• to provide bodies incorporated into the system with a means of furthering their objectives more effectively (e.g. cooperative information services)

Such systems are faced with the fallowing major problems to a different degree depending upon the mix of their objectives :

  • location and collection of data (namely the problems of producing reasons to justify the expenditure of time and effort by the bodies supplying the information) ;
  • updating the information (namely the problem of guaranteeing a continuing supply of information from the same sources) in the presence of similar time-consuming demands from other sources financing the collection of information and operation of the system ;
  • protection of the confidential information supplied (namely the problem of making available selected parts of the data to categories of users in a manner defined, ideally, by the body supplying the information) ;
  • protection of the "data assets" and to some extent the identity of different collecting bodies which integrate their information systems to increase combined effectiveness.

System-centered information systems are typically easy to justify to fund sources (e.g. a corporation's public relations program) and in many cases may be tied into short-term programs (whether the "one-off" research program of a university or of some international program-oriented body such as Unesco). They suffer from the disadvantage that the arguments used to justify collection of the information may have considerably less significance in the working environment of the bodies supplying the information. This reduces willingness to supply the information, particularly on a continuing basis, and increases suspicion as to the ends to which it is to be put in the particular country where it is being collected,

Body-centered systems can be justified to the bodies in question which are prepared to supply the data but are typically difficult to justify to potential sources of funds, even the bodies themselves, sines specialized program mandates cannot be broadened to justify allocation of funds to the construction or operation of generalized information systems. Such systems are susceptible to inter-body disputes.

The principal problems of these two types of systems could however balance one another out if a hybrid multi-purpose system was developed to be of use both to the bodies incorporated in it and to others wishing to contact, influence or study those bodies. A system of this type would not only solve the practical problem of information collection bat mould in itself represent a significant step towards functional integration. A direct consequence of the creation of unrelated systems to handle research, planning, public information, education, program administration information needs is that insights or problems arising in one area are not evident to bodies concerned with other areas. Any new research insight concerning the world system should rapidly affect policymaking, education, public information, etc. Developments in each functional area must increasingly mesh smoothly together and reinforce one another instead of proceeding in leaps and starts. Information systems constitute the nervous system of planetary society. The fragmented approach to their design and use would seem to lead directly to social crises analogues to those found in the case of certain disorders of the nervous system, as though the world system was some organizational dinosaur suffering from spastic paralysis or aphasia. Integrated development can only be achieved if the information system is designed for multi-purpose use.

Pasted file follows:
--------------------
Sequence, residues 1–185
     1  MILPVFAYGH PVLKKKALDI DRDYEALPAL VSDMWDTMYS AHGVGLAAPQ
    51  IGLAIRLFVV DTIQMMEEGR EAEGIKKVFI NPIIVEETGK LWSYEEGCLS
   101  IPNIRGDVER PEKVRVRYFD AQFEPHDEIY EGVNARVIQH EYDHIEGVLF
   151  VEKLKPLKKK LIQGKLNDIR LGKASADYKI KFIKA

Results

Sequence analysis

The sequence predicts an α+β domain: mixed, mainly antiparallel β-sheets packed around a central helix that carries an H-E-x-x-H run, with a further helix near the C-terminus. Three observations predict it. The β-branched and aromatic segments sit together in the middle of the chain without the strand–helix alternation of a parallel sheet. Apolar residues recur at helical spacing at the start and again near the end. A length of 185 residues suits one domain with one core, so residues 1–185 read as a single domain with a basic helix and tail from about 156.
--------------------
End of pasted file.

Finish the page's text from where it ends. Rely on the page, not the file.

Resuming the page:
Realism suggests that no significant change will be made in the existing approach. It is also extremely doubtful whether a centralized information clearing house is desirable, or practical in political or economic terms. It is however possible to envisage an information system which avoids the problems noted above.

The type of world-wide, low-cost information system which is now practical, and could be most beneficial for developing countries, is described in Appendix II. A similar system could be designed to fulfill the more limited requirements of :

  • a consultative status NGO information system
  • an NGO information system
  • an NGO-UN Agency information system
  • or any more broader grouping.

It is interesting to note that ECOSOC has recently proposed the establishment of an International Computing Centre in Geneva to help to resolve the incompatibilities in the UN Agency information systems. Initial users would be UN, UNDP and WHO. Perhaps the design of the programs could take into account the requirements of not only IGO to NGO information (e.g. UN public information systems) but also NGO to IGO, NGO to NGO, and NGO to public, information systems.